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Christianity's Complicity in Coloniality: African Christian Leaders as Perpetrators of ColonialityHide

by Kelvin Acheampong

That Christianity was complicit in the colonization of African countries is an almost passe subject that hardly stimulates contemporary debate. It is no longer a myth that, through Christianity, the early missionaries contributed to creating the spiritual and mental environment conducive to colonization. African Christians, deciding that the problem was not Christianity per se have spearheaded efforts at stripping it off its colonial essence—what we may, in other words, call “Africanizing” Christianity. Despite the rich literature on Christianity’s complicity in the colonization of African countries, however, much remains to be understood about Christianity’s complicity in coloniality in Africa today. Decolonial thinkers argue that Christian leaders in contemporary Africa are agents of coloniality; and that the peregrination of African youth into other selves begins from church but the studies that explain exactly how these churches and Christian leaders perpetrate coloniality are as yet largely missing. I will argue (using the institution of marriage, particularly, the ceremony as a case study) about how some African Christian leaders, in an apparently genuine quest to promote supposedly “Christian” practices, end up denigrating cultural practices with African origins, but privileging those with Western origins, just like the early missionaries. This challenge, I argue, is only a reflection of the Sisyphean task of finely distinguishing between culture and religion, a challenge which the early missionaries also faced, but failed to prudently meet. This study is set within the context of the 21st century political background of the resurgence and insurgence of decolonial thinking.

​Religion, State and Society: An Analysis of National Consciousness Among Quranic Educators in Northern NigeriaHide

by Umar Ahmed

In Nigeria, there is a big disconnect between traditional (informal) religious institutions breeding millions of citizens and Nigerian government and its “Nigerian project.” While Nigeria as a nation has its national objectives and mechanisms set in place to achieve them, clerics, especially those at the rural areas are unaware of them and (un)consciously promote activities and attitudes that undermine them. This paper assesses the level of national conciousness among Quranic teachers in rural northern Nigeria and anlyzes how such awareness and their real life experiences impact on their commitment or otherwise toward nation-building. It finds that while the question of nationalism is very much intertwined with another question of who serves who? Achieving a strong sense of national consciousness is not a one-way traffic. Systematic exclusion in the Nigerian project and subsequent inequitable distribution of resource has led to the creation of alternate imagine communities  among the networks of Islamic (Quranic) teachers and their students in rural areas, who are aware of their influence in the success or otherwise of Nigerian government policies in the region.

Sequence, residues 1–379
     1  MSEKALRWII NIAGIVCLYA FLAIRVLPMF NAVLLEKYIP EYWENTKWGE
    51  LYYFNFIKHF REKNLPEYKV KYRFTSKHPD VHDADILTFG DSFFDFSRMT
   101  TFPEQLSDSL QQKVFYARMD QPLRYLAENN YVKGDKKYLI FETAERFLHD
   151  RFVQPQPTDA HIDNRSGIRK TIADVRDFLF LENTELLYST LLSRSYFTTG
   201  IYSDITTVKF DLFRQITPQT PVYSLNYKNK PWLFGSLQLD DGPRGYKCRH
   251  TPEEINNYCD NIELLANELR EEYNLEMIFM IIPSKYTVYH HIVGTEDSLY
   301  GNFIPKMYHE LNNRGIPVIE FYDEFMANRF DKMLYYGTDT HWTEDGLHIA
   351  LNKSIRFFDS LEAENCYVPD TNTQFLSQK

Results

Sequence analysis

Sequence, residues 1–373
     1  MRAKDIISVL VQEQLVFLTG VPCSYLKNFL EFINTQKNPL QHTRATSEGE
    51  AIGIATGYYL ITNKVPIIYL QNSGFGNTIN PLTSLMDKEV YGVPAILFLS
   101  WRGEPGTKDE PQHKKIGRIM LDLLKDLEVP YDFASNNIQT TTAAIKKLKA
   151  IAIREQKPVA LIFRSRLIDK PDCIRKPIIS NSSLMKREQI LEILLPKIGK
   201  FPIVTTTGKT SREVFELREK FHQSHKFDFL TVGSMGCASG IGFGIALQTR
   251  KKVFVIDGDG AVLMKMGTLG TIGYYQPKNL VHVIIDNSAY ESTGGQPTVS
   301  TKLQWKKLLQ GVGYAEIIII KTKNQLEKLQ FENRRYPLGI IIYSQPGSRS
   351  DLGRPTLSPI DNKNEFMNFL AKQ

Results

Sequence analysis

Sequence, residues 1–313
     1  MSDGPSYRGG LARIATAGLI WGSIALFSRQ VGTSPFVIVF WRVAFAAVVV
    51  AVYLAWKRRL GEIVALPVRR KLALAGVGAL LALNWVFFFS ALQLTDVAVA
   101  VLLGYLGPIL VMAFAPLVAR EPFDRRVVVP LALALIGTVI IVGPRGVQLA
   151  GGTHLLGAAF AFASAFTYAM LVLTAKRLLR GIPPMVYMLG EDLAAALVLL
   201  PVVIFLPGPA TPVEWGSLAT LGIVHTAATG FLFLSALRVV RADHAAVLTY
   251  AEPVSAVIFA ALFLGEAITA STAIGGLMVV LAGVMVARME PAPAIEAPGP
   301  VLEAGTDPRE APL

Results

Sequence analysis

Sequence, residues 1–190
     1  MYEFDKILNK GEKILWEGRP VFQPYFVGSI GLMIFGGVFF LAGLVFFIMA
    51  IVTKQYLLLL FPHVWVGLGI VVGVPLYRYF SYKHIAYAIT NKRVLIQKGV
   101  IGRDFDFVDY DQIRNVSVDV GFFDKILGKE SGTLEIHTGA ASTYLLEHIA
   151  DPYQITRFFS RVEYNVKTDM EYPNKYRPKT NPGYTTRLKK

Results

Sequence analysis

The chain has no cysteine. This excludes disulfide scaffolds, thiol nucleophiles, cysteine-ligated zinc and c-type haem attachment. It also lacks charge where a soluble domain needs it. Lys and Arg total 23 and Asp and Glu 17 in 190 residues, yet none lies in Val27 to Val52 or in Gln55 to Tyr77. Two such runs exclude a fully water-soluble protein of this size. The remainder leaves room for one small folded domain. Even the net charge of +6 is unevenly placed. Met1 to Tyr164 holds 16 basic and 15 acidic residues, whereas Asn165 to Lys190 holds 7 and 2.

Two Brotherhoods in the Same Neighborhood: Muslim-Christian Relations amongst the Yorubas in Southwest NigeriaHide

by Odunola Alexander Oladeji

For so long, the co-existence and relations between Christians and Muslims amongst the Yorubas has become an emblem of praise and accolades for an ethnic group that has almost equal proportion of people in the two faiths. It is upon this backdrop that this reflection seeks to draw from the lenses of different strands of literature on Muslim-Christian relations among the Yoruba ethnic group domiciled in the Southwestern part of Nigeria. And in the quest to inquire into the dynamics of co-existence of this culturally unique people in a religio-polemical society, this reflection avoids oversimplifying vaguely the interaction ensemble by the two Abrahamic religions. Rather, it approaches this subject by understanding the complexities and multidimensional layers of this interaction from the standpoint of community organisation and realities- focusing on the lived experiences of the people, the daily politics of engagement and how the relationship is managed. Therefore, moving from presumptive guesses to factual assessment, this study has been able to situate this relation beyond the peaceful coexistence and tolerance rhetoric to an intersectionality of ‘culturalness’ and humaneness of the Yoruba heritage. From findings, the Christian–Muslim relations does not obviate the existence of friction or conflict of interest, what is remarkable is how these differences are managed as well as how these dynamics play out as they go about their daily lives.